Higher vitamin D levels linked to a 50 percent reduction in colon cancer death rates during a dozen years of follow-up
by Craig Weatherby
The flood of positive health findings on vitamin D—and negative reports concerning people’s general lack of sufficient vitamin D—that began about five years ago continues to flow.
Last week, we covered an epidemiological study that links higher vitamin D levels in men to reduced heart risks (see “Vitamin D May Reduce Heart and Diabetes Risk.”
This week, we’re covering research news about vitamin D’s positive impact on colon health.
Vitamin D may support colon-cancer survivalResearch from Boston’s world-renowned Dana-Farber Cancer Institute reveals that vitamin D may reduce death rates from colon cancer.
[Vitamin D is a hormone-like nutrient that helps shuttle dietary calcium from the stomach to the rest of the body.
And vitamin D also appears to tell cells when to start and to stop dividing. Thus, a shortage can allow uncontrolled, cancerous cell division in the body.
As the authors of a study in nurses reported last year, “Low vitamin D status has long been implicated in colorectal carcinogenesis.… Our data provide additional support for the inverse association between vitamin D and colorectal and, in particular, colon cancer risk” (Wu K et al. 2007).
In the study we’re summarizing today, a Harvard University team led by oncologist Dr. Kimmie Ng, MD, MPH, selected 304 patients diagnosed with colorectal cancer from the large Nurses' Health Study and the Health Professionals Follow-up Study (Ng K et al. 2008).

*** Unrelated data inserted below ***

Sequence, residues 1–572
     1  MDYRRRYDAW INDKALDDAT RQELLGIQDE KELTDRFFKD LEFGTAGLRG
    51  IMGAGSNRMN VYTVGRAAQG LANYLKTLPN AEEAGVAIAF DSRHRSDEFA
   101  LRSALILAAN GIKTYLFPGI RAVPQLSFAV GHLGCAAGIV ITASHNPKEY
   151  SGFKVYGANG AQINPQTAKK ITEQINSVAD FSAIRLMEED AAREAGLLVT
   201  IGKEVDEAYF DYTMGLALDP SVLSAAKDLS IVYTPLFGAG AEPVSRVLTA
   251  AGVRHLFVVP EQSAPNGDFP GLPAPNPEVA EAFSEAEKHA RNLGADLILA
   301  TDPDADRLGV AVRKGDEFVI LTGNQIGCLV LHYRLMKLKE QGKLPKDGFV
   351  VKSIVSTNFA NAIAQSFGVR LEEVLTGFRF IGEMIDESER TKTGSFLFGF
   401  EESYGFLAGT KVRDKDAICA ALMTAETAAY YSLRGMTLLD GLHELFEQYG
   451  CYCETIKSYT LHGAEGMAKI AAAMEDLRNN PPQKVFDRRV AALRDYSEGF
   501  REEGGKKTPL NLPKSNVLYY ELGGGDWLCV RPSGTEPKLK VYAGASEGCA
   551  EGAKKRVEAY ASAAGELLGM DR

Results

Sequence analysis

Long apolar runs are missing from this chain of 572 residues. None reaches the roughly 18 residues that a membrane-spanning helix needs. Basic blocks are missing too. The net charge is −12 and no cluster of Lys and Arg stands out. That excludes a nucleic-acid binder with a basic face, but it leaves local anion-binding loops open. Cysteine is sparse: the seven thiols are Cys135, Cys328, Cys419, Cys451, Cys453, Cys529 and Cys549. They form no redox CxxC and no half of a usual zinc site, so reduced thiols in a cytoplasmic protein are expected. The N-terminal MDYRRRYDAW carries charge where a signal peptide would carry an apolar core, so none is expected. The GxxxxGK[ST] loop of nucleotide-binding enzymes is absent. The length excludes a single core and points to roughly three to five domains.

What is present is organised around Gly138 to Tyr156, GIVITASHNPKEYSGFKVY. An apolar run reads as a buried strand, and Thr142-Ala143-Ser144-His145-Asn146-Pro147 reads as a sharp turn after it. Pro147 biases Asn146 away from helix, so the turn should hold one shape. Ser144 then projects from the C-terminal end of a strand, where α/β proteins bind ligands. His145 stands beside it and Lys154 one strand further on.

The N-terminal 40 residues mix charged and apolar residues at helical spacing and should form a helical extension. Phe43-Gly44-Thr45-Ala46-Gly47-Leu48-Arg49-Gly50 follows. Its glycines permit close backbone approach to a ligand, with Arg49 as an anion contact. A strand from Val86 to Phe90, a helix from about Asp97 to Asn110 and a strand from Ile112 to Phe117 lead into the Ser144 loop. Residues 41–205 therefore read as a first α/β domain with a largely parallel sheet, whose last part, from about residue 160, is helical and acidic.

Analysis of the study data reveals that the colon cancer patients with higher levels of vitamin D before their cancer diagnosis were only half as likely to have died over a 12 year period.
Like all epidemiological studies this one could not rule out other explanations for the reduced death rates among patients with higher vitamin D levels, which could have simply been markers for other cancer-inhibiting diet, genetic, or lifestyle attributes.
However, given the rapidly increasing weight of positive epidemiological evidence, and new understanding of the role of vitamin D in controlling cell division, the disclaimer included in the authors’ report seems overly cautious: “The data is still too premature to recommend vitamin D for colon cancer patients” (Ng K et al. 2008).
Research disclaimers like this—which essentially ignore the clear implications of all available evidence—constitute little more than butt-covering boilerplate. If that assessment sounds harsh, consider that higher vitamin D levels have consistently been associated with reduced cancer risk… never with increased cancer risk.
And randomized controlled trials to assess vitamin D as a potential therapeutic agent in colorectal cancer have been approved by the FDA: a clear indication that the even this cautious agency believes that vitamin D only discourages growth of colon cancer.
In the meantime, there is no downside—and plenty of upside potential—to ensuring that cancer patients consume adequate amounts of this nutrient, whose anti-cancer physiological effects are very well documented.
- Ng K, Meyerhardt JA, Wu K, Feskanich D, Hollis BW, Giovannucci EL, Fuchs CS. Circulating 25-hydroxyvitamin d levels and survival in patients with colorectal cancer. J Clin Oncol. 2008 Jun 20;26(18):2984-91.
- Wu K, Feskanich D, Fuchs CS, Willett WC, Hollis BW, Giovannucci EL. A nested case control study of plasma 25-hydroxyvitamin D concentrations and risk of colorectal cancer. J Natl Cancer Inst. 2007 Jul 18;99(14):1120-9. Epub 2007 Jul 10.